On Monday, the U.S. Census Bureau announced the census data collected for 2020, which resulted in Texas gaining two congressional seats. 

The distribution of 435 congressional seats based on apportionment population provided by the data collected has given Texas a new total of 38 congressional seats. The 2020 apportionment, however, saw the smallest amount of seats shifting since apportionment was adopted in 1941.

As a result of Texas gaining two congressional seats, the state will also gain 40 electoral votes for the 2024 and 2028 presidential elections. Since the last census poll in 2010, Texas has gained more than 2 million residents and is the only state to gain more than one congressional seat.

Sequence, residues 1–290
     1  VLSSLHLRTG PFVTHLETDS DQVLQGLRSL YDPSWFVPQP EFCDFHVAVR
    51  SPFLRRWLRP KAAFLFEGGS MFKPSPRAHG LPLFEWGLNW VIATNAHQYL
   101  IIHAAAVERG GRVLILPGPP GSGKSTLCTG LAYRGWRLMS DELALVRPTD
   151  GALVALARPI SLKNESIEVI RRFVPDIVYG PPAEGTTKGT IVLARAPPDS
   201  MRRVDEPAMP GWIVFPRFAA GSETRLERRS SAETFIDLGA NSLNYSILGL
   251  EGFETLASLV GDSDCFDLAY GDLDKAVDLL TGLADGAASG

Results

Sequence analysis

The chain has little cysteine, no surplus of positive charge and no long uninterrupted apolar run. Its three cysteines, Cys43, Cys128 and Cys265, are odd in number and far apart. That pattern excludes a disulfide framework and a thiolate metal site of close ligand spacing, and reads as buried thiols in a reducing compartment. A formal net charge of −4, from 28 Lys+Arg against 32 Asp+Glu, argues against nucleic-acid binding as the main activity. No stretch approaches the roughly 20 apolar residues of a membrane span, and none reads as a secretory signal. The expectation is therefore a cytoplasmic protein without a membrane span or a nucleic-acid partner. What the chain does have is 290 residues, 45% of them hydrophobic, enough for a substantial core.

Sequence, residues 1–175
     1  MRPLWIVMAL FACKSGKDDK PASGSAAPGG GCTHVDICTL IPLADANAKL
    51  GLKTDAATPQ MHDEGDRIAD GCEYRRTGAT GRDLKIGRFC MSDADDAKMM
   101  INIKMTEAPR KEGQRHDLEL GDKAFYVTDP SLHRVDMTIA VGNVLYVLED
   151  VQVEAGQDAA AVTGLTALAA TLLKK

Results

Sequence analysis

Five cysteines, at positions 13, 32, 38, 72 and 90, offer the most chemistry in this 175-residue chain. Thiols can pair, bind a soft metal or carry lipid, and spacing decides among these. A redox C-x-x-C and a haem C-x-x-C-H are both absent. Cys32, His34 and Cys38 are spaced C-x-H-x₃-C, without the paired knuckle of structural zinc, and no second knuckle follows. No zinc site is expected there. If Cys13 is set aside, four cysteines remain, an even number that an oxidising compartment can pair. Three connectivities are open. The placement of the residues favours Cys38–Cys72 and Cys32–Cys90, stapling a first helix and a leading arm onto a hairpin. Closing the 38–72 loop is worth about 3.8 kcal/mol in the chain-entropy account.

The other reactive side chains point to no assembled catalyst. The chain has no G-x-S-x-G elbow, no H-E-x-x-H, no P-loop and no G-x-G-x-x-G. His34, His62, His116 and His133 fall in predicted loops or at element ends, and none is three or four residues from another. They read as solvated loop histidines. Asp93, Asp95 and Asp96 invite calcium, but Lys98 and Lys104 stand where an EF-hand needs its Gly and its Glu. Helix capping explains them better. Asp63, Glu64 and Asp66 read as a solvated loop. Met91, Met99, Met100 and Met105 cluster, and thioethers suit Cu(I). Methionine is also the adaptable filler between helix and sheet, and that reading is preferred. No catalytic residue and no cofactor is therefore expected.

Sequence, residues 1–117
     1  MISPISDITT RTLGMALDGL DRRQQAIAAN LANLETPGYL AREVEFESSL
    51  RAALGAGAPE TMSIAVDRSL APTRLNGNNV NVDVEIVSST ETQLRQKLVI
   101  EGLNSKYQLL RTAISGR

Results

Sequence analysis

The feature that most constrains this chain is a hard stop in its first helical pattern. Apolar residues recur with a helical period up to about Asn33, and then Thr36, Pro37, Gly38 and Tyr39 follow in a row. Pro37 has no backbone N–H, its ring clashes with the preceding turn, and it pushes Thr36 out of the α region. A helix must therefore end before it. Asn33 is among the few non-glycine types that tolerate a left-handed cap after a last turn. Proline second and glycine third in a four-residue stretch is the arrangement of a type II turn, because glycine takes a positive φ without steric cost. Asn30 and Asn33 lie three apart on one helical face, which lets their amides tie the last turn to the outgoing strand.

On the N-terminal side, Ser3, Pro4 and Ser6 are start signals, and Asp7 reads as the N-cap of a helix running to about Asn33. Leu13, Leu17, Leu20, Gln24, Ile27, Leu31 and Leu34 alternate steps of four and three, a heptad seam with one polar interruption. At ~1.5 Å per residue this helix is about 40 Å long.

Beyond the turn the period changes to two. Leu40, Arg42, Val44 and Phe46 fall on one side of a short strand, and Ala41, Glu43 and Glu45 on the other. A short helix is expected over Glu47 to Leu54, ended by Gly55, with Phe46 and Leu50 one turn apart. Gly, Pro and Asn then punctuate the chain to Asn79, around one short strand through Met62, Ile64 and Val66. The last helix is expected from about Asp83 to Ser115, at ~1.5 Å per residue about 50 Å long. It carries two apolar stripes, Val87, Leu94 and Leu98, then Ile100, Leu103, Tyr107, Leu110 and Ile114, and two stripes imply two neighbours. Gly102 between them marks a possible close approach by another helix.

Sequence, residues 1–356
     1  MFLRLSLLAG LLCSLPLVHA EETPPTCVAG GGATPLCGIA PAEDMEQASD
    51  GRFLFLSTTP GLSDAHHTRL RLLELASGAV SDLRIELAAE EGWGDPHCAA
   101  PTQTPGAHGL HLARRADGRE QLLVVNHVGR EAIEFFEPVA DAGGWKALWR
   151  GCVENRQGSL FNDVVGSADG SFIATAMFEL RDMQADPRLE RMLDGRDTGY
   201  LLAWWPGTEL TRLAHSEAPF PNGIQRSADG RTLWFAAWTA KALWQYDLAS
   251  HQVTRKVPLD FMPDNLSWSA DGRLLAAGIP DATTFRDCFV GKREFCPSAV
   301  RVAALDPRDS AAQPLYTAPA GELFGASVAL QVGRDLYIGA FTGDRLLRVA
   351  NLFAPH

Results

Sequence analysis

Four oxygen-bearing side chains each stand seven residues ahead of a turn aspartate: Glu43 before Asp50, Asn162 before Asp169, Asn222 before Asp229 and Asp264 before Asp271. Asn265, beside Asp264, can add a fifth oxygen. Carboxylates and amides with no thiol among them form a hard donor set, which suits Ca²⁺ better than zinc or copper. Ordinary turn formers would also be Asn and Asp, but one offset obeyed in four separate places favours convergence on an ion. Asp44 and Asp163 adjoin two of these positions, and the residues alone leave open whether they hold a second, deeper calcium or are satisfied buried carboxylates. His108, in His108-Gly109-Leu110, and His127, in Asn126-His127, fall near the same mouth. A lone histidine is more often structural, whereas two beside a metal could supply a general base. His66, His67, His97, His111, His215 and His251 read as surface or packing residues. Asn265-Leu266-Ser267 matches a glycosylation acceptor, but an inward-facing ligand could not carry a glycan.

Karen Battle, chief of population division for the Census Bureau, stated that Texas was within a 1 percent margin of the 2020 census report and the 2020 estimate, but the counts were still below the population estimates.

Seven states lost a congressional seat, including New York and—for the first time—California.

The resident population of the country increased by 22,703,743—a 7.4 percent increase from 308,745,538—in 2010.

Numerically, Texas’ resident population has risen the most since 2010, up 3,999,944 to 29,145,505.